Choriam posted recently about Ted Hughes. He was married to Sylvia Plath who committed suicide. Then he married another poet who committed suicide.

Was it just a bad run of luck?
How did he happen to get stuck
With not one, but two brides
Who were future suicides?

Sunday, September 24, 2006

Honoring a Founder

Spent the afternoon at a party honoring my wife for her role in founding - and helping run - Council Oak Montessori school, now in its 16th year.

The current issue of Chicago Magazine has a cover story entitled "The Best Elementary Schools," and Council Oak was listed among them.

The format of the afternoon was kind of a mix between a roast and a toast.

I gave a little talk about her, interspersed with rhyme, ending with this one:

Thank you, Marsha,
For working your butt off,
And helping this school
Make the cut-off.

Saturday, September 23, 2006

Tracked from the Sky

I went running for the first time with a satellite GPS unit that told me how fast I was going and how far I had gone.

It's a Garmin Forerunner 201. I got it from Amazon for 109.99.

It took a little time at the start to establish the satellite link. Once I was running, it seemed to stay linked up - except when I was running under railroad viaducts. Of course, I was running mostly through Chicago neighborhoods - very flat, amid houses.

It had a few peculiarities. It doesn't really give you instantaneous speed. It gives you an average over a minute or so. So when you change speeds it takes a little while to really register.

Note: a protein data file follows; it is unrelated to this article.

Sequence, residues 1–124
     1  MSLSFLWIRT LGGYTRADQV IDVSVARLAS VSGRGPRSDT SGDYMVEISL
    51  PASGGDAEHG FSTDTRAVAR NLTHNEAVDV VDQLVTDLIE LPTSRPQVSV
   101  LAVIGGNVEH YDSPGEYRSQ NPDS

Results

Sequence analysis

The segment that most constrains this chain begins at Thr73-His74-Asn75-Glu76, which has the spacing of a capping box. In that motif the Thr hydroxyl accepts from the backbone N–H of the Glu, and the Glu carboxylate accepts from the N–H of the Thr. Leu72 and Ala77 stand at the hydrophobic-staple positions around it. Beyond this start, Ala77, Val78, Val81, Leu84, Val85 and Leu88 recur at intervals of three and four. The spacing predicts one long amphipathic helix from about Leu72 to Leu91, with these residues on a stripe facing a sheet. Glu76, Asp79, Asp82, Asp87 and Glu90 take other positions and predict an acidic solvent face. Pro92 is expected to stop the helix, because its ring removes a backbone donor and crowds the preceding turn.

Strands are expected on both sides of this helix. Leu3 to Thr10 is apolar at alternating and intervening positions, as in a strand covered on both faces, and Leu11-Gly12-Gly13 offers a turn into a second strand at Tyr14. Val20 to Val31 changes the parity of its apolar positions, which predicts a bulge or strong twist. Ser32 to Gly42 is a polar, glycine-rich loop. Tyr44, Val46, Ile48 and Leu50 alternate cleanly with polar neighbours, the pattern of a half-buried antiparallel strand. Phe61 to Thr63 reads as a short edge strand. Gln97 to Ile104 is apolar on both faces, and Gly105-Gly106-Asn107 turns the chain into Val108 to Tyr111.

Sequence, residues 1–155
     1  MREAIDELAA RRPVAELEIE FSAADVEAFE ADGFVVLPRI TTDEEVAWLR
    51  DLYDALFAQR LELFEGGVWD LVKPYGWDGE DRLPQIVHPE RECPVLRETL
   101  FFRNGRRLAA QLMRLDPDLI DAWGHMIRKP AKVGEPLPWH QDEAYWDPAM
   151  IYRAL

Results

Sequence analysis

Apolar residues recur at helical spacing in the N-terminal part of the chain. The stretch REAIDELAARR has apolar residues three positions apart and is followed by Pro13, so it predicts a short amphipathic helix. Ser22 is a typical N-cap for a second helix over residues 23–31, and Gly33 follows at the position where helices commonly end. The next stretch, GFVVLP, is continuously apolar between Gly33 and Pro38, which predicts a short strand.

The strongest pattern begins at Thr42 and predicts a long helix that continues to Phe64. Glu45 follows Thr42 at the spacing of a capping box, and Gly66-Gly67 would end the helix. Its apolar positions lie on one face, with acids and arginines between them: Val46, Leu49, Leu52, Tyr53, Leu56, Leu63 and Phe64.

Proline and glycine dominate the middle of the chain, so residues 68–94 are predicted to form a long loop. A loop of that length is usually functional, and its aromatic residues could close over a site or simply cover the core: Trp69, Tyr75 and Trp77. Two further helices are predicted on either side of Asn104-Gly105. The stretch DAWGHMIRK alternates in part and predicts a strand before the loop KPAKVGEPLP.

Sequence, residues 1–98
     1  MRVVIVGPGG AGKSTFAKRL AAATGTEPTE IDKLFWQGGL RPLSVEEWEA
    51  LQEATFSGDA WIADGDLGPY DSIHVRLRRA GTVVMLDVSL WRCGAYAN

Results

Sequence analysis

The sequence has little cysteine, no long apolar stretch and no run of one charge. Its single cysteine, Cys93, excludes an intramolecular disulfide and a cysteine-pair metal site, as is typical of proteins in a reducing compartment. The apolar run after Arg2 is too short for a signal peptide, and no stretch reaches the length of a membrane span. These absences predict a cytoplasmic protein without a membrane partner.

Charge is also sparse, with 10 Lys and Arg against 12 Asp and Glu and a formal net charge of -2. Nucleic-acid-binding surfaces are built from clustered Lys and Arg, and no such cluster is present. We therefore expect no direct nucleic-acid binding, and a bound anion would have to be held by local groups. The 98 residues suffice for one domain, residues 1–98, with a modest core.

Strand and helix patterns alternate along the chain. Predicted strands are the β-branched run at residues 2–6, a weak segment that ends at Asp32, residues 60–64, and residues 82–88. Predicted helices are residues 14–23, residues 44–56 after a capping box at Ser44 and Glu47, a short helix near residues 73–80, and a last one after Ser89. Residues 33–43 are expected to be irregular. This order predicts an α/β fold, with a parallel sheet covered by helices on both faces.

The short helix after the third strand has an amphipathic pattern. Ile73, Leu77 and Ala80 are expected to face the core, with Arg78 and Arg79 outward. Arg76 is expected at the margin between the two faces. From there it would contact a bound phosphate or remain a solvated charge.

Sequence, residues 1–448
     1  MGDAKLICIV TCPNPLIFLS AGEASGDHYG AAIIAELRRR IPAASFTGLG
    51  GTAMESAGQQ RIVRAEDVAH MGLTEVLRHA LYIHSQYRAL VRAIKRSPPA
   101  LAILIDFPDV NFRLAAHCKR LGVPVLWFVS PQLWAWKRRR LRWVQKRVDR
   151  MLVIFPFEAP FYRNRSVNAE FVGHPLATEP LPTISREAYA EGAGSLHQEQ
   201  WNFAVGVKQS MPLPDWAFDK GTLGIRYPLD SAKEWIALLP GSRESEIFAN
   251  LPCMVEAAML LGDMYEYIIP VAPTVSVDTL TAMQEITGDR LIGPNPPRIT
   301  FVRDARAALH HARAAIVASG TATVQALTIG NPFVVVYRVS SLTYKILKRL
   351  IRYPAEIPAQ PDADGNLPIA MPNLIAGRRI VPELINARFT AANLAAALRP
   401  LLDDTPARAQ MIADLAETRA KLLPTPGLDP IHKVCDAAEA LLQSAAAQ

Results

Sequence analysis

It was fun to know
Just how fast, or rather... slow
My feet would go.

Not a Dry Run

Out for a run,
Caught in the rain,
Soaked through and through.

Water in my shoes
But I don't complain.
Sloshing is fun.

Friday, September 22, 2006

Summer's End

Ah, the days of Autumn.
I cannot say I sought them.
But since they're here, I'll take them,
And as leaves fall, I'll rake them.

SNAFU

First the Commerce department loses 1,100 computers, mostly from the Census Bureau.

Then there's John Mark Karr. He's the creep who claimed he killed Jon Benet. But he was also in trouble for having child porn on his computer. The cops confiscated his computer - a few years back - but now they can't find it.

There's a need for remedial lessons, given by tutors,
To explain ways to lessen this strange loss of lots of computers.

Wednesday, September 20, 2006

Have You Heard?

Hearing voices, often taken to be a sign of something wrong in the noggin, occurs in many people who seem to be fine.

The voices in my head?
Don't tell them to be quiet.
They'll stop when I am dead.
Till then, they all run riot.

I don't always pay attention
To what they have to say.
I brush off their dissension
When I've settled on a way.

But frequently, I listen,
Because of what I've heard -
That precious bits of wisdom
Might show up in these words -

And I don't wanna miss 'em
When that finally occurs!

Tuesday, September 19, 2006

Talk Like A Pirate Day

When a pirate vessel docks,
So the men can shop for socks,
Their preference brings smiles:
Arrrghyles.